If you like this, I'll send you more:
In 2013, I scraped some of the top channels of YouTube in order to understand what the then mysterious and up-and-coming YouTube-native ecosystem differed from traditional creative industries.
You can play with the interactive graphic here.
This isn’t a surprise. The top-performing YouTube channels and videos are millions of times more productive than the median YouTube channels and videos.
I was surprised at the variance within channels of video performance. My prior belief had been that I’d see fairly consistent levels of views across videos in a channel as fans found channels they liked and devoured content. Instead, I found with someone like Jenna Marbles that they could get videos with 4.57M views, 31.3M views, and 457k views for videos released within a few days of each other.
YouTube-native channels, like Jenna Marbles or Smosh, post with incredible volume and consistency. I can’t imagine the amount of effort, time, and creativity it requires to make this much video with this much consistency.
More than a third of the top 100 channels are music channels, anchored by the VEVO network of channels.
Ellen, Fallon, and other variety programs like Britain’s Got Talent also figure promenently in the top 100 channels. Many of these are music and variety-format shows that are snackable video gold.
Click on Smosh or Jenna Marbles. You see a “rise and fall” of video views, in which views start off low, seem to rise, and then fall on average. With the benefit of hindsight, we know that the channels did not become unpopular. Rather, this is likely an effect of the time lag between the most recent videos and older ones. The oldest ones aren’t as popular because they were earlier in the growth of the channel. The latest ones haven’t had as much time to accrue views. This could give us a sense of how long of a shelf life a video has. If I had more time to gather data, I would gather snapshots for a subset of video channels for several months.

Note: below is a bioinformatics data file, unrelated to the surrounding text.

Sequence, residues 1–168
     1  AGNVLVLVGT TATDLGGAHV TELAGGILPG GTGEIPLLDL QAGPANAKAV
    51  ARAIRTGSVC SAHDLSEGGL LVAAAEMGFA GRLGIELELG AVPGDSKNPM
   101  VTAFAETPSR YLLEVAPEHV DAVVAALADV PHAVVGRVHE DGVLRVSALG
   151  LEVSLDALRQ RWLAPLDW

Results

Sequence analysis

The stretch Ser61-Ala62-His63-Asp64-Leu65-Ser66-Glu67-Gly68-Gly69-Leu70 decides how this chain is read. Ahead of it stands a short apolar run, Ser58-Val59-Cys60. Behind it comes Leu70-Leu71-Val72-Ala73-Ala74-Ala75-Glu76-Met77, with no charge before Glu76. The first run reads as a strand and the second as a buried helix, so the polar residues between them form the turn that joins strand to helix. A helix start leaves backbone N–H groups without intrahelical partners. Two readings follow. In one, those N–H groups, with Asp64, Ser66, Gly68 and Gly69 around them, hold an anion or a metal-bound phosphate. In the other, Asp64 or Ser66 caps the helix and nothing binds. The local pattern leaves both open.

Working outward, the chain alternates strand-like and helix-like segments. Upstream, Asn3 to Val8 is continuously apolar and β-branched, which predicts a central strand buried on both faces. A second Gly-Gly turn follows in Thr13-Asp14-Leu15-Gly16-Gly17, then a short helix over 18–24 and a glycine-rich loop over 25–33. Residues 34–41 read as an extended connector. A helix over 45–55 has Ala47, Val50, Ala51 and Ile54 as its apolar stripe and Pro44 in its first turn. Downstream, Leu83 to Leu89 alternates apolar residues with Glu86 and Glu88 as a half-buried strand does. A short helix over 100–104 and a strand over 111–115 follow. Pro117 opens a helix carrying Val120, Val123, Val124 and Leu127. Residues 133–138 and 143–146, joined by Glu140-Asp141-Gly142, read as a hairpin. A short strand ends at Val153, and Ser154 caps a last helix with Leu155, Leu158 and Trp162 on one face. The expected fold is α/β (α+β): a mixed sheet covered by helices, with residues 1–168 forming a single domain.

In 2013, YouTube was a wild frontier. Venture dollars poured into MCNs, and there was conversation that the long-tail content might become to cable TV what cable TV was once to broadcast TV. It wasn’t clear if YouTube-original content would ever be tractable for older people. The reality has turned out to be more complicated. Netflix and its kin have turned out to be the more immediate threat to the cable bundle. YouTube has turned out to be a secular shift that spans generations, rather than a generation-specific innovation like Snapchat, but it’s unclear to me if YouTube-native content appeals to adults older than millenials.
If you are an individual or small team and find success, then yes, it’s may be a good idea—this is a blockbuster after all. It is a grind!
But the multi-channel networks (MCNs) have not been successful investments for most of their investors and employees. Maker Studios was bought by Disney for $500 million, rising to $950 million if financial milestones were met. Relativity Media bid $1.1B and was rebuffed. This acquisition is generally considered to have been unsuccessful for Disney.
It’s hard to make a $20M movie. It’s plausible to make money on a $200M movie (like any Avengers franchise movie), or a $2M movie (like Get Out), or even a $200k movie.
How has this evolved on YouTube? High-end productions, like music videos or SNL sketches, have large production budgets, writing staffs, and actors. Low-end productions from individual YouTube contributors (for instance, PewDiePie or others playing video games and commenting on them) can also do well. In 2013, the “middle” included Internet darlings like Funny or Die. Today, it is difficult to see them making it.